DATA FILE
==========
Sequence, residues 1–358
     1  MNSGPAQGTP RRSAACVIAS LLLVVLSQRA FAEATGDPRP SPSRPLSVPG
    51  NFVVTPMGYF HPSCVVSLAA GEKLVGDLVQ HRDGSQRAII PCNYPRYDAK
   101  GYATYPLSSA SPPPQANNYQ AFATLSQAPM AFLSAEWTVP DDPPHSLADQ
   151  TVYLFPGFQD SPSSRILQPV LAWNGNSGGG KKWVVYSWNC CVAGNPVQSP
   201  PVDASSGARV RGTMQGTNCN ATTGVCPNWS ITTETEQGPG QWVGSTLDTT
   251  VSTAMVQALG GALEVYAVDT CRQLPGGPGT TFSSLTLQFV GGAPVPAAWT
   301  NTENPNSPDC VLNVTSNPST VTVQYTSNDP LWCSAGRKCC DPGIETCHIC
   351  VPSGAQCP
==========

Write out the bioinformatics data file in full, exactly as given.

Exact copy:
Sequence, residues 1–358
     1  MNSGPAQGTP RRSAACVIAS LLLVVLSQRA FAEATGDPRP SPSRPLSVPG
    51  NFVVTPMGYF HPSCVVSLAA GEKLVGDLVQ HRDGSQRAII PCNYPRYDAK
   101  GYATYPLSSA SPPPQANNYQ AFATLSQAPM AFLSAEWTVP DDPPHSLADQ
   151  TVYLFPGFQD SPSSRILQPV LAWNGNSGGG KKWVVYSWNC CVAGNPVQSP
   201  PVDASSGARV RGTMQGTNCN ATTGVCPNWS ITTETEQGPG QWVGSTLDTT
   251  VSTAMVQALG GALEVYAVDT CRQLPGGPGT TFSSLTLQFV GGAPVPAAWT
   301  NTENPNSPDC VLNVTSNPST VTVQYTSNDP LWCSAGRKCC DPGIETCHIC
   351  VPSGAQCP